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## Interactive Wright 1901 Wind Tunnel

#### Glenn Research Center

We present here a Java applet derived from FoilSim which simulates the operation of the Wright 1901 Wind Tunnel. There are two versions of this applet. This version requires the user to manually record data and plot results in the same way that the Wright brothers acquired their data. A more modern version records and reduces the data and produces plots within the program.

Airfoil images courtesy of The Franklin Institute Online - http://www.fi.edu/wright/index.html. Tunnel and balance images courtesy of Wright State University via OhioLINK Digital Media Center.

You can download your own copy of this applet by pushing the following button:

The program is downloaded in .zip format. You must save the file to disk and then "Extract" the files. Click on "Tunl.html" or "Foil.html" to run the program off-line. "Tunl.html" includes this tutorial, "Foil.html" runs the program alone

Problems may occur while running the applet due to it being outdated. Until it is updated, we have provided links describing the tests and results for the Wright 1901 wind tunnel:
Tests
Results

This simulation works exactly the same way that the Wright Brother's 1901 wind tunnel worked. The layout of the simulator shows an overhead view into the tunnel test section at the upper left. You can choose to test the wing model on either the lift balance or the drag balance by clicking on the appropriate label in the view window at the upper left. Clicking on the words "Wind Tunnel", "Lift Balance", or "Drag Balance" will also display pictures of the actual machines. In the upper middle part of the simulator is the output dial. This dial is the only output from the program. For the lift balance, the dial gives the angle between the brackets holding the model and the reference drag plates. The sine of this angle is the major portion of the lift coefficient used in the lift equation as understood by the Wright Brothers. For the drag balance, the dial gives the angle which the model is deflected by the flow through the tunnel. The tangent of this angle plus the angle of attack gives the drag coefficient used in the drag equation divided by the lift coefficient. To the right of the output dial are the sequence buttons which take you through the operation of the tunnel. The white button is the current operation, and you must push the red/white buttons before doing the procedure.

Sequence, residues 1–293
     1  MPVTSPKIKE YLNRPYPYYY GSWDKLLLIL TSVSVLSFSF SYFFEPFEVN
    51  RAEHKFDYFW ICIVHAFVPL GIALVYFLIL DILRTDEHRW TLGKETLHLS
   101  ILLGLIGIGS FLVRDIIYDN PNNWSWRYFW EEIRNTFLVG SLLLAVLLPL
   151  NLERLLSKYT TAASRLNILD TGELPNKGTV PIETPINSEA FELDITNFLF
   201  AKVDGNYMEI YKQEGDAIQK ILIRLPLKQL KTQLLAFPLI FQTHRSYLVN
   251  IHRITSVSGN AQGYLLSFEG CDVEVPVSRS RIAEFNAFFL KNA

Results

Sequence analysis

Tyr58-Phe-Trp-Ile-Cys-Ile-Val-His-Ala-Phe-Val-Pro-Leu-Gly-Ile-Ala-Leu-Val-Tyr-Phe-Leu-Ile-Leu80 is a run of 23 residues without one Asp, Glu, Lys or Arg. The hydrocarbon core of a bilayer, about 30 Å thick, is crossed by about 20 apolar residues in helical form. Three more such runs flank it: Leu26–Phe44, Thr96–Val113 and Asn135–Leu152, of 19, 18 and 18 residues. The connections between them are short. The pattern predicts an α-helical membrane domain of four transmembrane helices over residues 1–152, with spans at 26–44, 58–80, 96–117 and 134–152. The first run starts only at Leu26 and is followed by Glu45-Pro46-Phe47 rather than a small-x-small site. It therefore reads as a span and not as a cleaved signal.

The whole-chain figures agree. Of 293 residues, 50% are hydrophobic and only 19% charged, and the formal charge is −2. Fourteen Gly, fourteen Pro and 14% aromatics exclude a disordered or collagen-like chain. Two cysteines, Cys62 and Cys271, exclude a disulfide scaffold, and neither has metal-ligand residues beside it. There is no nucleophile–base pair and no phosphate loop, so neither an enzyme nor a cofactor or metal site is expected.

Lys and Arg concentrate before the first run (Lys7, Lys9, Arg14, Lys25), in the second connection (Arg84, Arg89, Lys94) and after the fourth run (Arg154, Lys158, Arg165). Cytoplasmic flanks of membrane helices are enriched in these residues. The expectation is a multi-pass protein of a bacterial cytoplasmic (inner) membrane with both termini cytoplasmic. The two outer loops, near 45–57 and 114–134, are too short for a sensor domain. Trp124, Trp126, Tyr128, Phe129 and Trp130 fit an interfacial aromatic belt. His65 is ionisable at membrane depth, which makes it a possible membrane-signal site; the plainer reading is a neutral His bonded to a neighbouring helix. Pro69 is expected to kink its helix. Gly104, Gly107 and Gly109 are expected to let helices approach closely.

Most of the procedures to operate the lift balance and the drag balance are the same. But the differences are noted in these instructions:

• "Step 1. Select Model" Choose between the lift balance and the drag balance by clicking on the word on the schematic. The yellow label is the balance selected. Select the model to be tested by clicking on a blue and white drawing at the lower left or lower right of the program. There are 30 different models which you can choose from and we have put them into three groups. You select the group by using the blue buttons below the output dial. The current selection has a white background. When the selection is made, a photo of the actual model used by the Wrights is shown at the lower center of the program and the number of the model is displayed on the schematic.